Two forms of comments are supported: single-line comments and delimited comments. Single-line comments start with the characters // and extend to the end of the source line. Delimited comments start with the characters /* and end with the characters */. Delimited comments may span multiple lines.

Comments do not nest. The character sequences /* and */ have no special meaning within a // comment, and the character sequences // and /* have no special meaning within a delimited comment.

The example below includes a delimited comment.

The following example shows several single-line comments.


5. Multiple Instructions Program

A function is a block of code written to perform a specific task (“function”) and packaged in a unit so that it can be executed at desired points in a program. Dividing a program into separate functions makes the program more manageable and easier to understand.

Facts:

  • The program contains three user functions.
  • Functions need to be defined before being used or executed.
  • The main function contains three function calls or three statements.
  • User functions are declared outside the main function.
  • Functions can be called many times.
  • The program starts by executing the first instruction in Main, which is the DisplayHello function.
  • When the DisplayHello function is called, the execution flow changes to the first instruction within the function definition of DisplayHello.
  • When the last instruction (which is also the first instruction) of the function DisplayHello is executed, the execution returns to the instruction right after the function call, which is DisplayWorld.

6. Functions with Argument Returning a Value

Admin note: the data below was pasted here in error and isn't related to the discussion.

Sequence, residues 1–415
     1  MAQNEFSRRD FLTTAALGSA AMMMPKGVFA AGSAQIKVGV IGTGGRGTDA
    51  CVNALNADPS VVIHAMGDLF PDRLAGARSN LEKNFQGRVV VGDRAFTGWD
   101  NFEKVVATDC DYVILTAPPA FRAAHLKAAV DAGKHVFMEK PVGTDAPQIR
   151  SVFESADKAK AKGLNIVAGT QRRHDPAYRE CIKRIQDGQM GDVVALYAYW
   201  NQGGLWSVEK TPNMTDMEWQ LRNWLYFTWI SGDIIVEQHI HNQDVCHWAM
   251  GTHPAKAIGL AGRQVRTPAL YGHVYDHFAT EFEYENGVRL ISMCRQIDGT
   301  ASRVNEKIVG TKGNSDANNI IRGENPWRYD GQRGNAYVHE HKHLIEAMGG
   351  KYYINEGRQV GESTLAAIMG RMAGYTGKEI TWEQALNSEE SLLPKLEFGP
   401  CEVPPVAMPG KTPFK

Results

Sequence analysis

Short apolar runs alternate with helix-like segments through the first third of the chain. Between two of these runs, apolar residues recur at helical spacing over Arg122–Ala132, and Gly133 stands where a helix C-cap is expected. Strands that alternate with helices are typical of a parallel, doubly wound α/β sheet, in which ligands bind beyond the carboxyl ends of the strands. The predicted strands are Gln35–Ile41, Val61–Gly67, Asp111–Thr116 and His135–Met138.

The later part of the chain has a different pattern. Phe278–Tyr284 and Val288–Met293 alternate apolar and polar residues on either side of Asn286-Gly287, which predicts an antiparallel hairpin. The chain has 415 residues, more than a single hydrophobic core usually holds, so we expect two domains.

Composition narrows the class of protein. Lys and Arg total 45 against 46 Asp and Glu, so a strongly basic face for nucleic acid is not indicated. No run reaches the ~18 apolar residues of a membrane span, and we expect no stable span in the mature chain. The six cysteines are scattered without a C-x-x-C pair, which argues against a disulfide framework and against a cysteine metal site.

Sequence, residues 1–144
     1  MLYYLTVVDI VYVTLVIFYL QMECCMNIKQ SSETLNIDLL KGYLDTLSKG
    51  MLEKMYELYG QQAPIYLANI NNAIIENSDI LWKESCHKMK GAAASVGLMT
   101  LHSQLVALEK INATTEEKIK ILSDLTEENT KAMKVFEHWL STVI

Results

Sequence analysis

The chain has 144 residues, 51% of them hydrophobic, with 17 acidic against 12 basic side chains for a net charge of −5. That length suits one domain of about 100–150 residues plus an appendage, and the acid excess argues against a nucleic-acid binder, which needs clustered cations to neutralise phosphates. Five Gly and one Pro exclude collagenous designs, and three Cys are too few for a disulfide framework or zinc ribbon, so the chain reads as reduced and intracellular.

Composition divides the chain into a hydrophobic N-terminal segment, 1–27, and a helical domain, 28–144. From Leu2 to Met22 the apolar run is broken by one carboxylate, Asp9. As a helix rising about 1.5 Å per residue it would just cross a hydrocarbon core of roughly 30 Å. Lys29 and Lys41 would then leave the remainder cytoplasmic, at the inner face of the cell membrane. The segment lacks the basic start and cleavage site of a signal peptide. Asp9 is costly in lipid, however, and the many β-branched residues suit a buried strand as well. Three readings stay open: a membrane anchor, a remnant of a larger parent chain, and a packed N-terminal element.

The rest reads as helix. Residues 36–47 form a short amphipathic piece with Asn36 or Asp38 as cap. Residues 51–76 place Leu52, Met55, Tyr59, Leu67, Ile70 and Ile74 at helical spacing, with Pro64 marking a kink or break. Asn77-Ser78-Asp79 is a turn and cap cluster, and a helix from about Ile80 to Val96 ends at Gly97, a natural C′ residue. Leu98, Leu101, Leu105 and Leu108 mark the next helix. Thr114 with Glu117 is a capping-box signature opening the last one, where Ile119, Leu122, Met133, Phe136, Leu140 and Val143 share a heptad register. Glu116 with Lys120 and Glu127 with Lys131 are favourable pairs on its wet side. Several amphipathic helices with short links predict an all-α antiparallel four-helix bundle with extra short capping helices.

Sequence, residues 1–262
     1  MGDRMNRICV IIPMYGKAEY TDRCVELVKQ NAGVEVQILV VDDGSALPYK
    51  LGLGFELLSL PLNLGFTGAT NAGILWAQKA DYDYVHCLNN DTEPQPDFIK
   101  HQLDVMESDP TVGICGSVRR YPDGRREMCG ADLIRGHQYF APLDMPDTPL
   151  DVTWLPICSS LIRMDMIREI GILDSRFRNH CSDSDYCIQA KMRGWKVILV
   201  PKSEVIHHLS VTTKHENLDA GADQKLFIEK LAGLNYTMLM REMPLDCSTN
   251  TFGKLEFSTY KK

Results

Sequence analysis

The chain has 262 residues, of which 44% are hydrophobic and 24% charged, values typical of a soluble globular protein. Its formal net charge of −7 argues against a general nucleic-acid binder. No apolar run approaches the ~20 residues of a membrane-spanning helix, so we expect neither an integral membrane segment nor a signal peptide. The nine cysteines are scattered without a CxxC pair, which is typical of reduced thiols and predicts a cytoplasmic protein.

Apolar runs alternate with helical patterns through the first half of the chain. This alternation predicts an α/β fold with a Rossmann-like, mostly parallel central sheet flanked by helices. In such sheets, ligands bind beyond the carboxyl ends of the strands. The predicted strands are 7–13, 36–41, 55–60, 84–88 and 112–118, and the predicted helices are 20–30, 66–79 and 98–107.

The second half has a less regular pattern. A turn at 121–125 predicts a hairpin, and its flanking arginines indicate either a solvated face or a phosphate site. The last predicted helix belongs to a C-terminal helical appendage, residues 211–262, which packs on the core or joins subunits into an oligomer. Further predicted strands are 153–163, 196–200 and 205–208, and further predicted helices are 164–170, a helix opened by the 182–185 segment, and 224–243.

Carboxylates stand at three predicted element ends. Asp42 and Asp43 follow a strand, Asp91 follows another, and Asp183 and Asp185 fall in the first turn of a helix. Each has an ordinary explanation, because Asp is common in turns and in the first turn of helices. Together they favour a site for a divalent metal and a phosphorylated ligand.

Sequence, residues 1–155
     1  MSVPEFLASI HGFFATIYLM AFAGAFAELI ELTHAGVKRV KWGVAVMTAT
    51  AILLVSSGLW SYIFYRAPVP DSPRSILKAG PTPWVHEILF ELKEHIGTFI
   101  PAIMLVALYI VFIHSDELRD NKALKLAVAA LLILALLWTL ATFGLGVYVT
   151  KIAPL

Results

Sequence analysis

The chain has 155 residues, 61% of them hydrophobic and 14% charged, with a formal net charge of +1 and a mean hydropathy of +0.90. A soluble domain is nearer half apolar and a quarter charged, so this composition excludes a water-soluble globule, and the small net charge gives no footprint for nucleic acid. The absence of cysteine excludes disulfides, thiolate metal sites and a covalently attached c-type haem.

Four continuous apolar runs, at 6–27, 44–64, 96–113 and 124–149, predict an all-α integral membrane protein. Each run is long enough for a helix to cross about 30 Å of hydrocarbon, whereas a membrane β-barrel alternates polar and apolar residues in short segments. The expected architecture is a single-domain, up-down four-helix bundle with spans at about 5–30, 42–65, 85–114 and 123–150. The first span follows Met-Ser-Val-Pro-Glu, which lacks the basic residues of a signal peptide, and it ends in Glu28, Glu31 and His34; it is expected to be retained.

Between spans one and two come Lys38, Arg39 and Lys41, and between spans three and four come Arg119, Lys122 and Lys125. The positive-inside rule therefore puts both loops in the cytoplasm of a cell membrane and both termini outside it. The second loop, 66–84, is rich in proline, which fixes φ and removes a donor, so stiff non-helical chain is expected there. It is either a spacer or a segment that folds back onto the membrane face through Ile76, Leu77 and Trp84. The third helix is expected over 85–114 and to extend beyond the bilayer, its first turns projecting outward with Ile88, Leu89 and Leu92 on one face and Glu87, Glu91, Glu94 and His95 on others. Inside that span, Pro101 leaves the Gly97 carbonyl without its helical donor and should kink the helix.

A function contains the parameters and the return type. The parameters provide data needed by the function to do its job. For each parameter specify its name and data type; if no parameters are needed, specify the keyword void inside the parentheses. The return type specifies the data type of the data that is returned by the function.

Some functions do not return any data; in this case specify the keyword void as the return type.

Example:

void foo();

void foo(int i);

int foo();

int foo(int i);

Facts:

  • int is a C# type specifying whole or integral numbers.
  • int means integer.
  • The function prototype specifies that the function takes two integer arguments and returns an integer.
  • When a function has more than one argument, a comma is used to separate the arguments.
  • When a function with arguments is called, the arguments are received as parameters by the function where the function’s instructions are specified.
  • When arguments are passed to the parameters, the order of the arguments is respected. In our case, x would be equal to 3 and y would be equal to 5.
  • The last statement of the function definition returns the result of the arithmetic expression x + y.
  • x and y are called variables. A variable is a name assigned to a data storage location.
  • The variables x and y are defined in the parameter list of the function: (int x, int y).
  • In C#, a variable must be defined before it can be used.
  • A variable definition specifies its name and type.
  • The compiler uses the type in order to know how much memory to allocate.

7. Variables

Facts:

  • Two integer variables i and j are declared and defined.
  • By declaration, we mean that the rest of the function main knows about the presence and type of i and j.

In other words, the scope and type of i and j is within the body of function main. Then, an assignment operator is used in order to assign the value 3 and 5 to i and j respectively. The function Add is used by having two variables as arguments, while in the previous example the arguments were constants.


Part 2 of overview next